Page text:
2021 annual review

2021 in summary

  • Became a digital nomad and traveled around some of the coastline of England and Wales.
  • Completed my MSc in Business Innovation with a Distinction.
  • Learned about the creator economy and started a few side-projects.
  • Took on a new role as the Product and Delivery Lead at RNID.

The happenings

Worked remotely

Embodied my philosophy of what good product management looks like in charities using my interface, integrate, iterate thing. Launched a new product at the Prince’s Trust, supported colleagues to do good work and improve their practice, and learned a lot about the use of digital in charities.

I did some voluntary product work for a few organisations in the charity sector. I really enjoyed being a kind of critical friend/opinion provider, even if at times I felt like I didn’t have a clear offer to provide.

Joined the RNID digital and innovation team to build products that make life more inclusive for deaf people and the those with hearing loss or tinnitus.

Explored emerging trends

Got into web3 a bit, learned about NFT’s and created some of my own. Of all the divisive opinions on Twitter, anything related to Blockchain, crypto and NFT’s seems even more divisive. I think everyone is right, and emerging trends need all opinions to help reach the dominant design in order to become mainstream. My opinion, in general, is that what people miss most about web3 stuff is that it isn’t for the humans, it’s for the machines. For example, an NFT isn’t about art, it offers a way for a computer to understand ownership, and a DAO isn’t about running a business, its about providing a means for a computer to understand contractual conditions. These things become clearer when you look with a post-human point-of-view (which is another trend that interested me in 2021).

I became interested in the creator economy and the use of nocode tools. I think it shows the trend of diversified income and micro-businesses that will extend the long tail of companies even further, and we’ll know that creators and solopreneurs have jumped the curve when one disrupts an industry in the way we’ve come to expect startups to. I made my first £ on the internet (as a creator, I’ve selling stuff on the internet for over a decade) which is considered a bit of a threshold point in the creator community. Started ultimatedigital.tools and futureskills.info as nocode info products.

Learned specifically

I finished my masters in Business Innovation with a distinction. My dissertation was about innovation and new product development practices in charities and was lots of fun to write. I felt a little lost for a while after finishing it because I’d been so focused on it.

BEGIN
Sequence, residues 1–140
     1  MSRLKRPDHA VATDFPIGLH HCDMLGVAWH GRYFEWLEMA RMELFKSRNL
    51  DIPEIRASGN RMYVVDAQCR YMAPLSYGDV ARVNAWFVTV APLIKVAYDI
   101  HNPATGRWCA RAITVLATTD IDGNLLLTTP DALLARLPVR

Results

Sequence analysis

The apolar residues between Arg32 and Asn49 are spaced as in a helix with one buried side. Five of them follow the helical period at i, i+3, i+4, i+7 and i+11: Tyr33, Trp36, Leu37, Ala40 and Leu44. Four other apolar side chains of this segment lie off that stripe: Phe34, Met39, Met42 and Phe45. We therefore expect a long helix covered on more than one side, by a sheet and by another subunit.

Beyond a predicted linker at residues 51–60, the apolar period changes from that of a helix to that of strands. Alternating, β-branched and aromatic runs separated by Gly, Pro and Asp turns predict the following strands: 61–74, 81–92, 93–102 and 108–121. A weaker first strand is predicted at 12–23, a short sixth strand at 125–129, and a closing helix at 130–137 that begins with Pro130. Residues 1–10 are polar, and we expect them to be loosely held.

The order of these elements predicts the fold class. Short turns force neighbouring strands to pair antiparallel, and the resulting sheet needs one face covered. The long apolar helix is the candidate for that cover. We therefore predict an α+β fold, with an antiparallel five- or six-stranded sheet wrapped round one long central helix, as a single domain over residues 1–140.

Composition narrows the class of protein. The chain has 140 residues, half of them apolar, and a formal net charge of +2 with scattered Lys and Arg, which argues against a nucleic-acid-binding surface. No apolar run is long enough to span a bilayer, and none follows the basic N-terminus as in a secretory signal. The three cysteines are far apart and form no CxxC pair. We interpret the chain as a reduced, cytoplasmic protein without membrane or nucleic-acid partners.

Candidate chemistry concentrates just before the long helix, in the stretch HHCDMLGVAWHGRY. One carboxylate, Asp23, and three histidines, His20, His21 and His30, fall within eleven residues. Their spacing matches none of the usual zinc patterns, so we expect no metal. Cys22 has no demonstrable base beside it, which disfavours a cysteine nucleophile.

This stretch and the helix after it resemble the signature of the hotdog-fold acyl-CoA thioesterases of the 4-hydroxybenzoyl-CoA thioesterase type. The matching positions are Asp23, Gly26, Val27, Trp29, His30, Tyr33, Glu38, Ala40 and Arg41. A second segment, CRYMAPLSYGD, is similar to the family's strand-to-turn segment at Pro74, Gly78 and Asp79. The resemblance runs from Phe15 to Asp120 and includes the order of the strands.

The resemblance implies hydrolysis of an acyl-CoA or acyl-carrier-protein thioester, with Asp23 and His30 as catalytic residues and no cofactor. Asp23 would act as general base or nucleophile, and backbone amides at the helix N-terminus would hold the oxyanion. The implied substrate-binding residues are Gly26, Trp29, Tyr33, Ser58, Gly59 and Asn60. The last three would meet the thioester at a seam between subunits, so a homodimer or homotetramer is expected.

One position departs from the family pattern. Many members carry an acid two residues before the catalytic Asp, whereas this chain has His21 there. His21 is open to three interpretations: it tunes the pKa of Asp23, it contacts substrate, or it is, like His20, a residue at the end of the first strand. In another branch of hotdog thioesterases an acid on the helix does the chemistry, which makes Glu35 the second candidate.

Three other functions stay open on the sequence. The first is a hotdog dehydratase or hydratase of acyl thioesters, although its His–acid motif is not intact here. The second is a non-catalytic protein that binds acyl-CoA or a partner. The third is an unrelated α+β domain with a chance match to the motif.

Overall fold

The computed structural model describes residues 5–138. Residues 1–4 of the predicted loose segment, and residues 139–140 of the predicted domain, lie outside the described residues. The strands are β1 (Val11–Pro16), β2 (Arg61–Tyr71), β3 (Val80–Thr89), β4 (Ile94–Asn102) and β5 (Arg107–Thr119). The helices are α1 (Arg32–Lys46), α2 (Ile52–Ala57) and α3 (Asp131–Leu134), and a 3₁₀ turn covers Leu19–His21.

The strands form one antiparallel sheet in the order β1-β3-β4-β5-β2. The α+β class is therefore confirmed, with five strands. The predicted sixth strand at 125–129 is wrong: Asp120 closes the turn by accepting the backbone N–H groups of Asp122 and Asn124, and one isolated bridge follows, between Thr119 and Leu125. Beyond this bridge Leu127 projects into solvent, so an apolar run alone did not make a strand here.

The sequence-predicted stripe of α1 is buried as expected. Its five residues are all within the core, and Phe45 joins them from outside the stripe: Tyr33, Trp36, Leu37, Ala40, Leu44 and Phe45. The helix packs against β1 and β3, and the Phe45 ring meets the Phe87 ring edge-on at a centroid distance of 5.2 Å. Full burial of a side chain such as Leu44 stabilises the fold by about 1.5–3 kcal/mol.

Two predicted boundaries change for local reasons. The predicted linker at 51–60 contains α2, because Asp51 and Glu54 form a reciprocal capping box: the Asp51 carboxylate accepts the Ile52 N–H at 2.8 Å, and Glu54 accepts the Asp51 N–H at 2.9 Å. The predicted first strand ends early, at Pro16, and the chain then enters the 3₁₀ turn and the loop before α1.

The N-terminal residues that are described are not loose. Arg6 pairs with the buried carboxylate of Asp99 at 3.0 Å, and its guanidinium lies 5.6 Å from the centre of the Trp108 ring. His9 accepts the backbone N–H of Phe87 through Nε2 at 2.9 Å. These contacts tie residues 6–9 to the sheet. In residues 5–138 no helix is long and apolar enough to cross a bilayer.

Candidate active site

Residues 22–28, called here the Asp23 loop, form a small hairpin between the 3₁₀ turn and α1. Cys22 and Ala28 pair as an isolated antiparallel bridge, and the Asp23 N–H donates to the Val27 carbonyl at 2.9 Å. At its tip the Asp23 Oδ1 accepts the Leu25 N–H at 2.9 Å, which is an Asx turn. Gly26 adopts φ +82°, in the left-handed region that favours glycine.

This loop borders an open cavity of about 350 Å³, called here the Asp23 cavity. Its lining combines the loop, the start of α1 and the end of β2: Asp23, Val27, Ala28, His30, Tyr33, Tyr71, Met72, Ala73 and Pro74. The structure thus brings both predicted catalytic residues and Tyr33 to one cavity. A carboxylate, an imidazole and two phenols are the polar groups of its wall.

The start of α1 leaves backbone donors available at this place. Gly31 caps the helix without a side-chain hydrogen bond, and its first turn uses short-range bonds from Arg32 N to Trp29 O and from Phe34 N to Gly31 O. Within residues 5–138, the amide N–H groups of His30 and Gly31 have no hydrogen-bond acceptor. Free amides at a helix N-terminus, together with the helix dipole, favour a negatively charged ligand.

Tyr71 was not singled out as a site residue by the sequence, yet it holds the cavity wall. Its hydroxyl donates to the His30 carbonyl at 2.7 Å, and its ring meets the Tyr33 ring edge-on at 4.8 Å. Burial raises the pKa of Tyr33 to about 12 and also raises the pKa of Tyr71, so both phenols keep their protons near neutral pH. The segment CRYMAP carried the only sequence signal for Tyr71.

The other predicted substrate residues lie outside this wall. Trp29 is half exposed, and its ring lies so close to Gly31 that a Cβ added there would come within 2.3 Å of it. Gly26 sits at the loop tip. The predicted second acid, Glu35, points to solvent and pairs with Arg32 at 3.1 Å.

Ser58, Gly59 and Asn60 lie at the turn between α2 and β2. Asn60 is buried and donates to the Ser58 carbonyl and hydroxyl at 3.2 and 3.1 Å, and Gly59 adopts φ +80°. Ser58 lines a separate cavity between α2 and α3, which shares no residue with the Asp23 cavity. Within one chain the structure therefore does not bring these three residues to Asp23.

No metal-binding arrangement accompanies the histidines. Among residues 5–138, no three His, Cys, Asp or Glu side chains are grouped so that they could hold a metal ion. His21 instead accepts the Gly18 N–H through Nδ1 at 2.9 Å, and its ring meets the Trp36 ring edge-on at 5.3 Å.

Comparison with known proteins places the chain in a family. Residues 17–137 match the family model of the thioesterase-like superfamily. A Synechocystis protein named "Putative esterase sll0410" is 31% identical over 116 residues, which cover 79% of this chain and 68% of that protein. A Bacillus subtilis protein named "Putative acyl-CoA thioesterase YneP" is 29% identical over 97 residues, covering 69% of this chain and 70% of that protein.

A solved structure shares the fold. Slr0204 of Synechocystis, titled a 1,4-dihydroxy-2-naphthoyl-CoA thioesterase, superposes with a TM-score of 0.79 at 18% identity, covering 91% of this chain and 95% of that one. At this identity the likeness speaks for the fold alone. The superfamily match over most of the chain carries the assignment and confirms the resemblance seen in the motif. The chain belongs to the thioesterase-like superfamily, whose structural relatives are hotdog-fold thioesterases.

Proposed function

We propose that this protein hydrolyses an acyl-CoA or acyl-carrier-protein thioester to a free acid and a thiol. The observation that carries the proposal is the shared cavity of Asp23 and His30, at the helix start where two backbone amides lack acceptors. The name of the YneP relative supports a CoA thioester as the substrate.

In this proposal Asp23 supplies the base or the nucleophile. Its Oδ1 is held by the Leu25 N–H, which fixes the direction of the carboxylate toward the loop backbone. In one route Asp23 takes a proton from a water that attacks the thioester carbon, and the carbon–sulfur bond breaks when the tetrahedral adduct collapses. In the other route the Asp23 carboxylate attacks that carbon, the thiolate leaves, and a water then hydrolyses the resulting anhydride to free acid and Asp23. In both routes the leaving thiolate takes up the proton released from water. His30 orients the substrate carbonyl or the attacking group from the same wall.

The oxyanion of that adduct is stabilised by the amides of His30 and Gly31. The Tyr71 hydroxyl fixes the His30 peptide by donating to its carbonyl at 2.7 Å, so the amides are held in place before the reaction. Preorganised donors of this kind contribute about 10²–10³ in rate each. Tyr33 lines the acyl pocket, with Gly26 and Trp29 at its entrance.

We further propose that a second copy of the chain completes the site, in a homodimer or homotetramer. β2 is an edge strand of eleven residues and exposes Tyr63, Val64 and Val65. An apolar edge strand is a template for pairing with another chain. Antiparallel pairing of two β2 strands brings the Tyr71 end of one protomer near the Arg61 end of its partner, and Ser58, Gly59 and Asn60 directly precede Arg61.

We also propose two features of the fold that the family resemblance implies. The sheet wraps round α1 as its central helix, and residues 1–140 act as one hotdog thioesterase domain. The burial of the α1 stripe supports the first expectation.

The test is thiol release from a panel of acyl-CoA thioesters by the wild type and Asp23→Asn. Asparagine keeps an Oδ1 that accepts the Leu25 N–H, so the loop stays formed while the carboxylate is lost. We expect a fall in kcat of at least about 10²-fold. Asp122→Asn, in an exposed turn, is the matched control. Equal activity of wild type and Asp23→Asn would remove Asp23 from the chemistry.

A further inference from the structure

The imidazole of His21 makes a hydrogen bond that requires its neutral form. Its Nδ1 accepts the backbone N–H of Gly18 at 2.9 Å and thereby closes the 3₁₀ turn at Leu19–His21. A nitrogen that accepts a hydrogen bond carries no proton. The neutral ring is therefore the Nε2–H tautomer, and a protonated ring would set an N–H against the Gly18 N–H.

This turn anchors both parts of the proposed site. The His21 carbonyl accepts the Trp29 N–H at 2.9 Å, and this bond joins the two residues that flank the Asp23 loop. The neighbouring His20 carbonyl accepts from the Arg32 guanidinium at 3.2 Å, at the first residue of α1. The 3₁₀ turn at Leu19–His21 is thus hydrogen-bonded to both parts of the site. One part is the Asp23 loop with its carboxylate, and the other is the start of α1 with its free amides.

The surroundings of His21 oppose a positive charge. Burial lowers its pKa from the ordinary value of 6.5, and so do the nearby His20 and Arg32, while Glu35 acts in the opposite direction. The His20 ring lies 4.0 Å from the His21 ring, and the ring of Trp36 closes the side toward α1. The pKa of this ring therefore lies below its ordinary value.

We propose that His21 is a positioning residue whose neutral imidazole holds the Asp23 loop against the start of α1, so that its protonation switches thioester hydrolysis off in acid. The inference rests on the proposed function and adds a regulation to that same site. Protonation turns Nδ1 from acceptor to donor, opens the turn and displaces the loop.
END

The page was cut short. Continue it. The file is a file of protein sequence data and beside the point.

Took a Service Design course and started learning British Sign Language.

And I read lots on Twitter and on other websites, and listened to quite a few podcasts, and even tried to read a couple of books.

I learned to write better, to think more critically, and to accept a wider range of opinions.

Learning is one of my three lifelong goals, and I divide it into three sections; formal learning and qualifications, practical project-based learning, and reading and reflective practice. This gives me a useful balance, keeps me engaged and makes tracking progress towards the goal easier.

Traveled slowly

Between the end of the lockdown in May and the end of the year I traveled around the coast of England and Wales between Southampton and Pembroke. Along the way I visited 230 amazing and beautiful places, swam in the sea, even with a seal once, and saw dolphins.

The digital nomad lifestyle suits me perfectly. I can work remotely during the day, and go for walks and work on various projects in the evening. The simplicity of the physical life makes room for the complexity of the mental life.

The numbers

The lessons

  • I’m at my happiest when I’m exploring, whether that’s new ideas, projects or places.
  • Learning new things every day inspires and excites me, although it often leads to too many new things to explore.
  • Even if I never finish anything, that’s ok (but I should improve my processes to try to finish things).
  • Realised that mainstream is not for me. Life is better on the edge.